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Article Dated 09th May, 2024

GST on Health Care Services and Hospital Room Rent

Introduction

The healthcare industry has traditionally been spared from indirect taxes on its services, given its critical role and the goal of reducing healthcare costs. The application of taxes on healthcare services could directly affect the general public in the form of increased treatment costs. However, such tax relief has not been extended to cosmetic treatments, which are primarily for beauty enhancement (viewed as a luxury) and not strictly a necessity.

GST and Healthcare

Goods and Services Tax (GST) is imposed on the supply of goods or services or both. As long as there is a single supply of either goods or services, there may not be many challenges in determining the classification and the applicable rate of such supply. However, many business scenarios may necessitate the supply of goods or services in combination. Such a combination could be: (i) Combination of goods with the same or different tax rate (ii) Combination of services with the same or different tax rate (iii) Combination of goods and services with the same or different rate. In such cases, it becomes crucial to determine the primary nature of the supply. In these instances, the tax liability would be based on whether the said transaction is a composite supply or a mixed supply.

Exemptions in Healthcare

The exemption to healthcare service, which was available in the previous service tax regime, continues under the GST regime. Under Sl.no. 74 of Notification No. 12/2017- CT (Rate) dated 28.06.2017, a full exemption has been granted to services by way of:

(a) healthcare services by a clinical establishment, an authorised medical practitioner or para-medics;

(b) services provided by way of transportation of a patient in an ambulance, other than those specified in (a) above.

Scope of Healthcare Services

"Health care services" means any service by way of diagnosis or treatment or care for illness, injury, deformity, abnormality or pregnancy in any recognised system of medicines in India and includes services by way of transportation of the patient to and from a Clinical establishment, but does not include hair transplant or cosmetic or plastic surgery, except when undertaken to restore or to reconstruct anatomy or functions of body affected due to congenital defects, developmental abnormalities, injury or trauma;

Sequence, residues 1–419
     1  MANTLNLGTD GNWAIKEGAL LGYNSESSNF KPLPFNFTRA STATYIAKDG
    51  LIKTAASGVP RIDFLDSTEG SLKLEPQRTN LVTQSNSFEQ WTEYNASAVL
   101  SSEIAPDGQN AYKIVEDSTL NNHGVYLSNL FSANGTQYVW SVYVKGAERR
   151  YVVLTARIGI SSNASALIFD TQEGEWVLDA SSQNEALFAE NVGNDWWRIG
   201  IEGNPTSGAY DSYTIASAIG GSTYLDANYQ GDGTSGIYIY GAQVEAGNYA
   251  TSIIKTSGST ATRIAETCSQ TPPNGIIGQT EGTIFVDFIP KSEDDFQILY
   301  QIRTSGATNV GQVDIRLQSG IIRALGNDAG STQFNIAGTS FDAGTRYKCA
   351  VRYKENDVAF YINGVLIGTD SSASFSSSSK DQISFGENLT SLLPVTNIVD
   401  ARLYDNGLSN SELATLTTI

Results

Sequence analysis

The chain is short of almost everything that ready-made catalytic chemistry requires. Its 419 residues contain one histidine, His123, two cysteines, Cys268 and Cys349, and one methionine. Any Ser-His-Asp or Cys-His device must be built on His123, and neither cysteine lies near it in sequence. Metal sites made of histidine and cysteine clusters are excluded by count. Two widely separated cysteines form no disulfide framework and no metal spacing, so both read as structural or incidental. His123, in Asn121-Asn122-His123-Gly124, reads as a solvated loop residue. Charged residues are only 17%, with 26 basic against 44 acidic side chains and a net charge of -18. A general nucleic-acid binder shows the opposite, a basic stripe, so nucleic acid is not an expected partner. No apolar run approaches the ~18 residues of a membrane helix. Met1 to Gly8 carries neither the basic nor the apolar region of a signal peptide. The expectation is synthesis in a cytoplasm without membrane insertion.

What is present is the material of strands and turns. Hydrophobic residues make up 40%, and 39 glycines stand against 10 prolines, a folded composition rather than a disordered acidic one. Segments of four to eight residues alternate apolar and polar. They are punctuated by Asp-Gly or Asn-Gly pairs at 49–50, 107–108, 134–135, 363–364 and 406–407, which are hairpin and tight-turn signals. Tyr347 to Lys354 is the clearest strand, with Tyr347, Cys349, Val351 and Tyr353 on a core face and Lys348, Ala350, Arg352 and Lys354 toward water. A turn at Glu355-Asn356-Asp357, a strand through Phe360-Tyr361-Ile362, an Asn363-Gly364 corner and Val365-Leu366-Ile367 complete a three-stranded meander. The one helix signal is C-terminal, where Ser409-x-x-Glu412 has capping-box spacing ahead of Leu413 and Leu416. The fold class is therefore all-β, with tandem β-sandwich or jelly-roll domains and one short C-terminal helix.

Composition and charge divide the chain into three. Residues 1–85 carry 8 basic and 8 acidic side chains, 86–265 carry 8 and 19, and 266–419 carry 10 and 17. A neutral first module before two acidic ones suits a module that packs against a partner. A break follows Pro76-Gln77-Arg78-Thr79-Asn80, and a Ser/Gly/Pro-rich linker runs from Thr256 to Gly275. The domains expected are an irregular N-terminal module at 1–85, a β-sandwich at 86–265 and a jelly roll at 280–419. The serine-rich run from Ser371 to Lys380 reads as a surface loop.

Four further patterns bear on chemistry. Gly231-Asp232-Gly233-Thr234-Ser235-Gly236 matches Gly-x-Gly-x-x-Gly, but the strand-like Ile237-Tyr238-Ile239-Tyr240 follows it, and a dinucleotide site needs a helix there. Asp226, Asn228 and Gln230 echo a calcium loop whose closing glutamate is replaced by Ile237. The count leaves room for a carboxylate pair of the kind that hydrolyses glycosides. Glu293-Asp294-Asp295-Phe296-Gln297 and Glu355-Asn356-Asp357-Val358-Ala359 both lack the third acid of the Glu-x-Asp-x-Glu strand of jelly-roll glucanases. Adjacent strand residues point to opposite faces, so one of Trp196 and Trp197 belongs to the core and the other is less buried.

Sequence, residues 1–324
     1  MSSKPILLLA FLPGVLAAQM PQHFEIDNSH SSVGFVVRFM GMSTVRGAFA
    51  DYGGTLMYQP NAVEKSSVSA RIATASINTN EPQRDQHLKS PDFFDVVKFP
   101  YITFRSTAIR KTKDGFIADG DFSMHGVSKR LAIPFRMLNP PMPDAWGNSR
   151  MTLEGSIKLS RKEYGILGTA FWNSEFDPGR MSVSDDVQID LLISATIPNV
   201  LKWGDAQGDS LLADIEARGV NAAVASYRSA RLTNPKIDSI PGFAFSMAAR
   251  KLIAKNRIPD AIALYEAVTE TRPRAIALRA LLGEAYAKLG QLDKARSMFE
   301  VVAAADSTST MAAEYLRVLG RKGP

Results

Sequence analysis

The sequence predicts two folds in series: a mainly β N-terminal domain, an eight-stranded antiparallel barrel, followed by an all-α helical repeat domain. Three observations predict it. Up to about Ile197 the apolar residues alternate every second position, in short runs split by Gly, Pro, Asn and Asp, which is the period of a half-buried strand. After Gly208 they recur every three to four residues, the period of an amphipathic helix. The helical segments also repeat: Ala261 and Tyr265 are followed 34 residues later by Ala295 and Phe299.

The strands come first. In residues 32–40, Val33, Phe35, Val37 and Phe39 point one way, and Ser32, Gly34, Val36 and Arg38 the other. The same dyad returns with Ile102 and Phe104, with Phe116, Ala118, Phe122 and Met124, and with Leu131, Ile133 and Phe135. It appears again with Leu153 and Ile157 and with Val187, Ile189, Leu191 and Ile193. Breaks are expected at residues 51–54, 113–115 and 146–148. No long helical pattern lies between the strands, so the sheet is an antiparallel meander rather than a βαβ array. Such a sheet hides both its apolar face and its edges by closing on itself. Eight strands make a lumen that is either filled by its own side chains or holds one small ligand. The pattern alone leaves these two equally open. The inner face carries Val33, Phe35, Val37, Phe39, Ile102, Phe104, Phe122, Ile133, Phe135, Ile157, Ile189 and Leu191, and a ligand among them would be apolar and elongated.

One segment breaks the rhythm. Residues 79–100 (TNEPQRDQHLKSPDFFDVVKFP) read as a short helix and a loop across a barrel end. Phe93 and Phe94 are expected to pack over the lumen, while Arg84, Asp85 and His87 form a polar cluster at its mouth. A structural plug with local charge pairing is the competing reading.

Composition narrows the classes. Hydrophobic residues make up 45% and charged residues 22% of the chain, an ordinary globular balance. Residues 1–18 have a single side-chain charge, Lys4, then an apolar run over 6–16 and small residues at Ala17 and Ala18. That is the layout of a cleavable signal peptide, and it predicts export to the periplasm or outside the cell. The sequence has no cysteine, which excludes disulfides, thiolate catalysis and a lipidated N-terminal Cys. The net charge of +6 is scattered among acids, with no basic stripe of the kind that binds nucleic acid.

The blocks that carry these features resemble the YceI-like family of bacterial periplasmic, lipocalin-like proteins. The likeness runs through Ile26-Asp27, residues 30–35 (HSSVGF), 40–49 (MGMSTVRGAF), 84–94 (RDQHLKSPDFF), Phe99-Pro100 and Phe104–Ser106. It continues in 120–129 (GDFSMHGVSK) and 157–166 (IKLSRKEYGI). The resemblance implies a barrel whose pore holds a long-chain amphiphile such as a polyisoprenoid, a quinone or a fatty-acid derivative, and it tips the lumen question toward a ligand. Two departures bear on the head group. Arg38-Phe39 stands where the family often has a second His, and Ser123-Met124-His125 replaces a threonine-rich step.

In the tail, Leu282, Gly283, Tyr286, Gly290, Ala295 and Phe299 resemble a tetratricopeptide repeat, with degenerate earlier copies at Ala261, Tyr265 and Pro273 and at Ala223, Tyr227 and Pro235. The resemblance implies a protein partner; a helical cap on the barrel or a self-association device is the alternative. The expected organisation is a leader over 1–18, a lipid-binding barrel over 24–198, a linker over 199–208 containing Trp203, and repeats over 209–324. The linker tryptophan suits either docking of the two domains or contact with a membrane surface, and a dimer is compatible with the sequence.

GST Exemptions in Healthcare

To provide further clarity, the following healthcare services are exempt from GST:

  • Outpatient Department Services (OPD): Consultation and treatment provided by doctors to patients without hospital admission are exempt from GST. However, GST is applicable on the supply of medicines and implants through hospital-owned pharmacies to outpatients.

  • Inpatient Department Services (IPD): Inpatient services, including doctors’ fees, consultancy charges, and the supply of medicines, implants, consumables, bed charges, operation theatre rent, equipment charges, etc., are exempt from GST and are considered a composite supply. However, GST needs to be paid when medicine and food are offered on an optional and distinct basis.

  • Medical Test Services: All medical tests conducted in clinical establishments are exempt from GST.

  • Medical Counselling Services: A doctor’s consultation provided for the purpose of cure is exempt from GST.

  • Cord Blood Bank Services: The services provided by blood banks for preserving stem cells are exempt from GST.

  • Ambulance Services: Ambulance services are not subject to GST.

  • Veterinary Services: Services provided by a doctor for the care of birds and animals are exempt under GST.

Additionally, X-Rays and services rendered by diagnostic centres in clinical establishments are bundled up with healthcare services and do not attract any GST.

GST Applicable Healthcare Services

However, the following healthcare services are liable to GST:

  • Renting: GST is levied on the rent paid to hospitals for opening medical shops on their premises.